I am also a Christian and so I have my Bible reading and Bible studies and I’ve got quite active with those since lockdown. It’s been good but I may have overcommitted myself.
    Hope you have a great week.
    Best wishes,

    Liked by 1 person

    1. Hi Rowena, thank you for taking the time to write. I began blogging in December 2019 and love writing and sharing stories. Life has pulled me away quite a bit lately, but I am not giving up. I well understand the struggle of fitting it all in. I had started a post for the #Whatsonyourbookshelf challenge for February, but only got one book done so am saving it for March. I am hoping to get back to regular posting’I don’t want to stop writing the blog. Tell me a bit more about the train, if you want to write back. Do you mean long distance trains, local, subway, etc.? I have taken two long train rides and really found it conducive to reading and working. Thanks again for stopping by. Blessings, Michele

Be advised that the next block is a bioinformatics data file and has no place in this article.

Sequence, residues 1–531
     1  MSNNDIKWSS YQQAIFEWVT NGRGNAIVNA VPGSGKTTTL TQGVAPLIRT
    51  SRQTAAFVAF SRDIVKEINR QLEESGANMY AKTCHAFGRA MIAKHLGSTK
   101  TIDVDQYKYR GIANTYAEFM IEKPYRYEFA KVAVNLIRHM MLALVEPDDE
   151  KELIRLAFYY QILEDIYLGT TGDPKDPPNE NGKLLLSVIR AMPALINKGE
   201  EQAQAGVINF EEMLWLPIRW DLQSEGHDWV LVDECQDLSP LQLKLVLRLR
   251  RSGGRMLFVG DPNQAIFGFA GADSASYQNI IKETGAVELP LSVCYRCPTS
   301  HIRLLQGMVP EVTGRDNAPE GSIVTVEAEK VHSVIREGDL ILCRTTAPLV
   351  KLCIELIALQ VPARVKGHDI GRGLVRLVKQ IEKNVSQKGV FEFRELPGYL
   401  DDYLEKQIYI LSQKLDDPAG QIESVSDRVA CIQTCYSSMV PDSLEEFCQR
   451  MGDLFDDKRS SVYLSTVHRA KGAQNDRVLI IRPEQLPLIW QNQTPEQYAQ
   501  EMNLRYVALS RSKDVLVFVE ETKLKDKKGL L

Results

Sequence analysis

Liked by 1 person

      1. Hi Michele,
        Lovely to start a chat with you.
        I live at Umina Beach just North of Sydney and pre-covid used to catch the train down to Sydney at least once a month and the trip might be about 1.5 hours each way by the time I’ve changed trains etc. So, it was a good amount of time to really get stuck into a book because I could be as far as three hours in by the time I get home. For me, that’s enough to keep going. I also write on these train trips as well, which is also productive. My husband was commuting to work in Sydney pre-covid and reading 2-3 books a week. I don’t know if he’s read a book in the last two yearrs he’s been working from home, which is a fairly radical change although he’s been working like crazy on the house and that’s made a big difference.